Tuesday, 29 April 2008


I live in Reepham the market town located between Norwich and Holt, on the North Norfolk coast. Reepham's attractive historic market town was granted a market charter in 1277 during the reign of Edward I- much of the 18th Century Market Place is a designated Conservation area. This Georgian Norfolk Town, the name Reepham, (Pronounced Reefam) is Anglo-Saxon - 'Meadow of the Reeve'. It is also mentioned in the Domesday Book, and it is not sure which reeve it may have been, a manorial reeve or a church reeve or even a royal reeve.

Set as it is, in the clay heathlands this was a pastoral area with open fields clustered around the town, water meadows along the streams and grazing lands stretching across the heaths until enclosed and eventually ploughed up and made arable in the Wartime.

The town boasts enticing places to eat, and interesting independent shops, we have two butchers to die for, Bonham's Auction House, a general food store, a health food shop, chemist, one greengrocer, three Estate Agents, one Bank, and three pubs including The Old Brewery House which is a Hotel and Restaurant. This houses a public swimming pool and a gym. There is also a swish Florists Shop, an Antique Shop, and a posh Tearoom. Reepham's old railway has been renovated into an Aladdin's Cave that sells gorgeous furniture and beautiful chinaware, it has a large georgian Conservatory sitting on the edge of the disused railway line where one can have a spot of lunch or beverages. The local Post Office has been in the same family for many years and it stocks everything from stamps, books, milk, pies, and much more, I would be very sad to see it go, as I think it is a very important part of the community. The ladies who serve behind the counters always have a smile and a cheer, and always so helpful.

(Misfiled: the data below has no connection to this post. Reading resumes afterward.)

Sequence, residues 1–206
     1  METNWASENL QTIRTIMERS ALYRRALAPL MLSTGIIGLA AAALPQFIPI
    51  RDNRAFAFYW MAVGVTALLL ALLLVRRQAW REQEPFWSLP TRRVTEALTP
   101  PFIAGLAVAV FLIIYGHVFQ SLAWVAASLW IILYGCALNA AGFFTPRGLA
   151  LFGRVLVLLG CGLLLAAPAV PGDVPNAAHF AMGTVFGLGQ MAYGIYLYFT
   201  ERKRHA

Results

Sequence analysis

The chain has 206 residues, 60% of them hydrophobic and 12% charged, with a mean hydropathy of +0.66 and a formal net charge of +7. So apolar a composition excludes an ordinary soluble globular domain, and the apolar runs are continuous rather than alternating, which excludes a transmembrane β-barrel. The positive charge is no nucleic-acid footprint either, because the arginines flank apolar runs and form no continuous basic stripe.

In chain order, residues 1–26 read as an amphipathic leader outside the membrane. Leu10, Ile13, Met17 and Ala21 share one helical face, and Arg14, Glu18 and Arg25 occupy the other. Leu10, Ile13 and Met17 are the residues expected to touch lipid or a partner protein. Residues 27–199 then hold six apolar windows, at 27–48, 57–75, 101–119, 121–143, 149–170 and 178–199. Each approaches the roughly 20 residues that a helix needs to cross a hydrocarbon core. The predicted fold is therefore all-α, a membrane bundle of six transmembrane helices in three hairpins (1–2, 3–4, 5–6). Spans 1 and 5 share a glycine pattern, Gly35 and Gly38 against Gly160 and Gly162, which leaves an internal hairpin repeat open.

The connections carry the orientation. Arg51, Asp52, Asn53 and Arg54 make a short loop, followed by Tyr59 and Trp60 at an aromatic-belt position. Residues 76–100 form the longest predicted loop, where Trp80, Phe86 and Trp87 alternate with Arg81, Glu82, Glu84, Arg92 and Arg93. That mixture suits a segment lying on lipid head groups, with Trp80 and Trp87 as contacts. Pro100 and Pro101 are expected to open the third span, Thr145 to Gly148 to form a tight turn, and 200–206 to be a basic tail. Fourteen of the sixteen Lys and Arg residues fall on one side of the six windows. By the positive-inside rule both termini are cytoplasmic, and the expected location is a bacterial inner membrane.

The Bircham Institute a former private house is now used mainly as the local library, it is also used as the WI where local people contribute by making Jams and Pies and homemade Cakes. The original building was 17th Century but it was greatly altered in the 19th Century. Once the home of the Rector of Hackford, it was eventually given to the town by a member of the Bircham family to be used as a reading room and meeting place, a use that it has well fulfilled.

Market Day is on every Wednesday where people set up their stalls to sell their wares, and abundance of fresh flowers and plants. Hundreds of years ago Reepham Market Place was the centre for the Cattle Market which eventually died out.